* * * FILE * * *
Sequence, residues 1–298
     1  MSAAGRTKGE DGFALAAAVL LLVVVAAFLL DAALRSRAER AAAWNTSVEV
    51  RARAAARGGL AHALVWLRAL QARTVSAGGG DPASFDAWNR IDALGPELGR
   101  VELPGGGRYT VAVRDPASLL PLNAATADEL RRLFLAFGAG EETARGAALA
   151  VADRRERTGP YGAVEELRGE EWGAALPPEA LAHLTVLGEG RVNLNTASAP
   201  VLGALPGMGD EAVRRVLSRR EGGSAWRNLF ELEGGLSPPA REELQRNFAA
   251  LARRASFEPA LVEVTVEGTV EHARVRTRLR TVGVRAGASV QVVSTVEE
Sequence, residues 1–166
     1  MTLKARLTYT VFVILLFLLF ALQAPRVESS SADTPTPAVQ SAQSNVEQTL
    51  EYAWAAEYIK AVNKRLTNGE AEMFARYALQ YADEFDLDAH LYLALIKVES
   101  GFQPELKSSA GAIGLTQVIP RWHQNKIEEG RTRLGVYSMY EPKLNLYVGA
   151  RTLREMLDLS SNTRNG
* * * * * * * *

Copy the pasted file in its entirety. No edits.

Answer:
Sequence, residues 1–298
     1  MSAAGRTKGE DGFALAAAVL LLVVVAAFLL DAALRSRAER AAAWNTSVEV
    51  RARAAARGGL AHALVWLRAL QARTVSAGGG DPASFDAWNR IDALGPELGR
   101  VELPGGGRYT VAVRDPASLL PLNAATADEL RRLFLAFGAG EETARGAALA
   151  VADRRERTGP YGAVEELRGE EWGAALPPEA LAHLTVLGEG RVNLNTASAP
   201  VLGALPGMGD EAVRRVLSRR EGGSAWRNLF ELEGGLSPPA REELQRNFAA
   251  LARRASFEPA LVEVTVEGTV EHARVRTRLR TVGVRAGASV QVVSTVEE
Sequence, residues 1–166
     1  MTLKARLTYT VFVILLFLLF ALQAPRVESS SADTPTPAVQ SAQSNVEQTL
    51  EYAWAAEYIK AVNKRLTNGE AEMFARYALQ YADEFDLDAH LYLALIKVES
   101  GFQPELKSSA GAIGLTQVIP RWHQNKIEEG RTRLGVYSMY EPKLNLYVGA
   151  RTLREMLDLS SNTRNG